tram

Definition from Wiktionary, the free dictionary
Jump to: navigation, search
See also: Tram, trám, tràm, trăm, and trạm

English[edit]

Etymology 1[edit]

An old-fashioned tram alongside a more modern tram (sense 1) in Stockholm, Sweden
A tram (sense 4) on the Roosevelt Island Tramway in New York City, New York, USA
A horse tram (sense 8) in Douglas, Isle of Man

Possibly from Low German traam(tram; balk or beam, as of a sledge or wheelbarrow; handle of a barrow or sledge; rung or step of a ladder; bar of a chair); Saterland Frisian trame, trâm(beam of wood; beam of a wheelbarrow; rung or step of a ladder; bar of a chair); said to be ultimately from a lost West Germanic (Ingvaeonic) word.[1] Compare Middle Dutch trame(balk, beam; rung of a ladder); Middle Low German trame, treme; West Flemish traam, trame.

The popular derivation from the surname of the English pioneer tramway builder Benjamin Outram (1764–1805) is false: the term pre-dated him.[2]

Pronunciation[edit]

Noun[edit]

tram ‎(plural trams)

  1. (Australia, Britain, rail transport) A passenger vehicle for public use that runs on tracks in the road (called a streetcar in North America).
  2. A similar vehicle for carrying materials.
    • 1789, John Brand, History and Antiquities of the Town and County of Newcastle upon Tyne: Including an Account of the Coal Trade of that Place, volume II, London: White, OCLC 630368783, page 681:
      Trams are a kind of sledge on which coals are brought from the place where they are hewn to the shaft. A tram has four wheels but a sledge is without wheels.
  3. (US, rail transport) A people mover.
    • 2013, Ernest Adams, “Storytelling”, in Fundamentals of Game Design, 3rd edition, [San Francisco, Calif.]: New Riders, ISBN 978-0-321-92967-9, page 215:
      The game Half-Life, for example, begins with a movie in which Gordon Freeman, the player's avatar, takes a tram ride through the Black Mesa research complex while a voice explains why he is there.
  4. (US) An aerial cable car.
    • 2014, Vivienne Gucwa, “Skylines”, in NY through the Lens, Cincinnati, Oh.: Print Books, ISBN 978-1-4403-3958-5, page 129:
      It's possible that my family took the tram to Roosevelt Island at some point and the experience embedded itself deep into my imagination where it mixed with other flights of fancy (pun intended) of flying through a Gotham-like city like Batman.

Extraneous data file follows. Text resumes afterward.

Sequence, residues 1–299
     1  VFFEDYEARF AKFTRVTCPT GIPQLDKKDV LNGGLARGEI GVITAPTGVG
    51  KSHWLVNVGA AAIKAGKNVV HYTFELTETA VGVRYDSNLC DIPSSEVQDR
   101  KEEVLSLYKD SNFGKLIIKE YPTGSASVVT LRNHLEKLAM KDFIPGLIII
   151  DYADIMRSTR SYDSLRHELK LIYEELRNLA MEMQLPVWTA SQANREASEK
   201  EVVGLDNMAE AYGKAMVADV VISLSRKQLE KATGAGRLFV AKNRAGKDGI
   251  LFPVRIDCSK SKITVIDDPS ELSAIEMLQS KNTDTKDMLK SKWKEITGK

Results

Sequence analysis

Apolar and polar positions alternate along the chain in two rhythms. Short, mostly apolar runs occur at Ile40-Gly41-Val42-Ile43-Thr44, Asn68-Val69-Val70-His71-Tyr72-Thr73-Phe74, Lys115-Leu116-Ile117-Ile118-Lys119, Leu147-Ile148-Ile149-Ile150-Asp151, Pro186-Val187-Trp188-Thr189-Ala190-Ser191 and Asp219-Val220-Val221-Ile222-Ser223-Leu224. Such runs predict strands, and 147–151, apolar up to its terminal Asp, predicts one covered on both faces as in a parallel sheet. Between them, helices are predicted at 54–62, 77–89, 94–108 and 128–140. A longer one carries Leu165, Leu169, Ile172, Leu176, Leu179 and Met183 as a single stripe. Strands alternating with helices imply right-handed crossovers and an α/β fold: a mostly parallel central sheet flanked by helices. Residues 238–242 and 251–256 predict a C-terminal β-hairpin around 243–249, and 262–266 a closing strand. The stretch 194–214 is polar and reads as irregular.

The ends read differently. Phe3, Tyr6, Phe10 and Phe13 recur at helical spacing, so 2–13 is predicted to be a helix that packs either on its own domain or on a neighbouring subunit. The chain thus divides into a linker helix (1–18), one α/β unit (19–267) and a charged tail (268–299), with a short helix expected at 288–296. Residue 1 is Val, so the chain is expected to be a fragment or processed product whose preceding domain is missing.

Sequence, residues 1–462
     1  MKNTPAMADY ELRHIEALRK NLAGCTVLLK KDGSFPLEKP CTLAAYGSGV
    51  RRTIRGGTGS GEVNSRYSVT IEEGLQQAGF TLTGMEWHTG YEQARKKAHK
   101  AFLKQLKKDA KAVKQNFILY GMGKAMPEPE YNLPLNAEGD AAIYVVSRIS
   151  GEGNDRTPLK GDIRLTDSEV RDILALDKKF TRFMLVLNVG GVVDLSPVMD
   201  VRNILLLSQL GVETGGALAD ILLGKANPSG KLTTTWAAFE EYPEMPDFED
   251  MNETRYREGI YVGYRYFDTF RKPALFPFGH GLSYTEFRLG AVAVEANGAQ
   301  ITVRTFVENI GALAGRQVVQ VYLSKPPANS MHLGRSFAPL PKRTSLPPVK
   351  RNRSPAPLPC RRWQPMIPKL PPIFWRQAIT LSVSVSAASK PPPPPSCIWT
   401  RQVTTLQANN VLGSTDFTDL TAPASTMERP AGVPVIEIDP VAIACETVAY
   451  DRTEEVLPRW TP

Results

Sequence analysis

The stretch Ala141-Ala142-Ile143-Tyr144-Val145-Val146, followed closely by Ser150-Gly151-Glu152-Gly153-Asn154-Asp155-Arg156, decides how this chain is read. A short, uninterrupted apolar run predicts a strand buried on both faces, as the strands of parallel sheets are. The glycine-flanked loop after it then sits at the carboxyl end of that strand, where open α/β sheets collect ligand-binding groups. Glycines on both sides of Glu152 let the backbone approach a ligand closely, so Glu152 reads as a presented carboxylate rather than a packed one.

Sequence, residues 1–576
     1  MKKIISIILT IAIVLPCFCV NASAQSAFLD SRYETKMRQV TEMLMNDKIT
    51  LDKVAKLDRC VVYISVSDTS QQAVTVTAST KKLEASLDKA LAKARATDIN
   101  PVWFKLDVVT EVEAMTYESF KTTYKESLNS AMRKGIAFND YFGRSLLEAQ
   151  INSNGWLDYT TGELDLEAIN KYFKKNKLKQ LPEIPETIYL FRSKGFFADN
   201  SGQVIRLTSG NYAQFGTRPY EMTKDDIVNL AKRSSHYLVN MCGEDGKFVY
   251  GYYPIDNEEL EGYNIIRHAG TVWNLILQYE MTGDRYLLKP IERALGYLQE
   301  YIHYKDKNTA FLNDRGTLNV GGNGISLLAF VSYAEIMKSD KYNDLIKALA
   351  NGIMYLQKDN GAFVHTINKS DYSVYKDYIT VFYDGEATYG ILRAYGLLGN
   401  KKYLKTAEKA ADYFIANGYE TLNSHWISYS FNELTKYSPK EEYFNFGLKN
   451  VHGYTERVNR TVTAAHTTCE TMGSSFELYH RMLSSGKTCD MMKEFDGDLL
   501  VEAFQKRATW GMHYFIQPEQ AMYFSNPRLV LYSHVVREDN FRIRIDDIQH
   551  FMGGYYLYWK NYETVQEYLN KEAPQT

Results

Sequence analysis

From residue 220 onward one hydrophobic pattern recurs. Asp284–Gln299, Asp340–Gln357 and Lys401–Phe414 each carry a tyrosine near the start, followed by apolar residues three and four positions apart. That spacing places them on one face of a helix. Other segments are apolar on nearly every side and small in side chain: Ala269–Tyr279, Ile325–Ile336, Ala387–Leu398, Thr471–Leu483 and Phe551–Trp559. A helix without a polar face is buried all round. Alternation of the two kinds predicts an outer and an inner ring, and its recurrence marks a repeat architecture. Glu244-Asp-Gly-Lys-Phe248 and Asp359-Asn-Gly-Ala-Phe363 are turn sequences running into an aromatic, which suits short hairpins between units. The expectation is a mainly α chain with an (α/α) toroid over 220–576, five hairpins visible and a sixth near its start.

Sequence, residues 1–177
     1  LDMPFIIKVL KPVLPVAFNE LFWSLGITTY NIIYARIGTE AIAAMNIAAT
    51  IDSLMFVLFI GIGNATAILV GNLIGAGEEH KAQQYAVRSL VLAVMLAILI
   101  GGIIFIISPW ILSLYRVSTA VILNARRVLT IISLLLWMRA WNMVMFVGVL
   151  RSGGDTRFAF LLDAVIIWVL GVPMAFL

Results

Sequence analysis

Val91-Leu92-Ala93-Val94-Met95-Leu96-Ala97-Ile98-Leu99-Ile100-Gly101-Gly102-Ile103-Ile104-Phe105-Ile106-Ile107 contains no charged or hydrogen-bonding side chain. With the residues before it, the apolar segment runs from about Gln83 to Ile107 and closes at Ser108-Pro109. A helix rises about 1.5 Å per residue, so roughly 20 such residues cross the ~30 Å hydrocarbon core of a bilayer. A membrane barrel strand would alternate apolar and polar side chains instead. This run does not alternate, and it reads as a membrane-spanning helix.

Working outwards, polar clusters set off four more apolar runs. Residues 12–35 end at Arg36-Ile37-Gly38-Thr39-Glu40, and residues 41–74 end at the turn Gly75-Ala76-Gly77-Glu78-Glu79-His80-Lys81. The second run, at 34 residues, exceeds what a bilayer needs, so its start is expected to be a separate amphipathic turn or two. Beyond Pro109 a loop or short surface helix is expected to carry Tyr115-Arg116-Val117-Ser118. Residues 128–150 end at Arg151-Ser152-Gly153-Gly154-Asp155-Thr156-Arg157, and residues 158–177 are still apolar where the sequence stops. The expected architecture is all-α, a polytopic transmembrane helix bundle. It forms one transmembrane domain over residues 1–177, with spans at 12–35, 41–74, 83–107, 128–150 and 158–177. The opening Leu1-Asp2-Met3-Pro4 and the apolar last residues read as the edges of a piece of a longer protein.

5. (US) A train with wheels that runs on a road; a trackless train.
    • 2005, Jan Friedman, Eccentric California, Chalfont St. Peter, Buckinghamshire: Bradt Travel Guides, ISBN 978-1-84162-126-5, page 124:
      Taking advantage of the VIP Experience at Universal Studios provides a more intimate and authentic look at the studio than does the regular studio tram tour. [] The VIP Experience gets you off the tram and behind the scenes: into sound stages, prop warehouses, and production facilities and on the sets of shows in production.
    • 2007, Matthew Richard Poole, Frommer's Los Angeles 2008, Hoboken, N.J.: John Wiley & Sons, ISBN 978-0-470-14575-3, page 236:
      Each morning, still-groggy early-bird park-goers stumble from the parking-lot tram and head straight to La Brea's cafeteria-style Express for a caffeinated pick-me-up or a meal to start the day.
  6. (obsolete) The shaft of a cart.
    (Can we find and add a quotation of De Quincey to this entry?)
  7. (obsolete) One of the rails of a tramway.
  8. (Britain, obsolete) A car on a horse railroad or tramway (horse trams preceded electric trams).
Synonyms[edit]
Derived terms[edit]
Translations[edit]
See also[edit]

Verb[edit]

tram ‎(third-person singular simple present trams, present participle tramming, simple past and past participle trammed)

  1. (intransitive) To operate, or conduct the business of, a tramway.
  2. (intransitive) To travel by tram.
  3. (transitive) To transport (material) by tram.
  4. (US, transitive) To align a component in mechanical engineering or metalworking, particularly the head of a drill press.

References[edit]

  1. ^ Ivor Henry Evans (1971) Brewer's Dictionary of Phrase and Fable, centenary edition, London: Cassell, ISBN 978-0-304-93570-3.
  2. ^ Anatoly Liberman (5 August 2009), “A Derailed Myth, or, a Story of the Word Tram”, in The Oxford Etymologist, OUPblog, Oxford University Press[1], archived from the original on 4 March 2016.

External links[edit]

Etymology 2[edit]

From Spanish trama, or French trame(weft).

Noun[edit]

tram ‎(plural trams)

  1. (weaving) A silk thread formed of two or more threads twisted together, used especially for the weft, or cross threads, of the best quality of velvets and silk goods.

Anagrams[edit]


Catalan[edit]

Etymology[edit]

From Latin trama.

Pronunciation[edit]

Noun[edit]

tram m ‎(plural trams)

  1. segment (of road etc.)

Dutch[edit]

Pronunciation[edit]

Etymology[edit]

From English tram.

Noun[edit]

tram m ‎(plural trams or trammen, diminutive trammetje n)

  1. A tram, vehicle on rails for passenger transport in cities.

Anagrams[edit]


French[edit]

Etymology[edit]

Shortened from tramway.

Pronunciation[edit]

Noun[edit]

tram m ‎(plural trams)

  1. tram (UK), streetcar (US)

Italian[edit]

Noun[edit]

tram m ‎(invariable)

  1. tram, streetcar

Norman[edit]

Etymology[edit]

Borrowing from English tram.

Noun[edit]

tram m ‎(plural trams)

  1. (Jersey) tram